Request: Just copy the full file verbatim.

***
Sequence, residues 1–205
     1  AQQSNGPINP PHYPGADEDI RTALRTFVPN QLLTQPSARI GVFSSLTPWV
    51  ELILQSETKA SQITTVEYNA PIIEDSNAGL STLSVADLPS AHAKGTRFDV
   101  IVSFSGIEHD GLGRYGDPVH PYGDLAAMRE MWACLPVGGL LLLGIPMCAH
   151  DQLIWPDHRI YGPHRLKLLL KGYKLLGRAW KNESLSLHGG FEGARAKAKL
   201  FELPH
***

Sequence, residues 1–205
     1  AQQSNGPINP PHYPGADEDI RTALRTFVPN QLLTQPSARI GVFSSLTPWV
    51  ELILQSETKA SQITTVEYNA PIIEDSNAGL STLSVADLPS AHAKGTRFDV
   101  IVSFSGIEHD GLGRYGDPVH PYGDLAAMRE MWACLPVGGL LLLGIPMCAH
   151  DQLIWPDHRI YGPHRLKLLL KGYKLLGRAW KNESLSLHGG FEGARAKAKL
   201  FELPH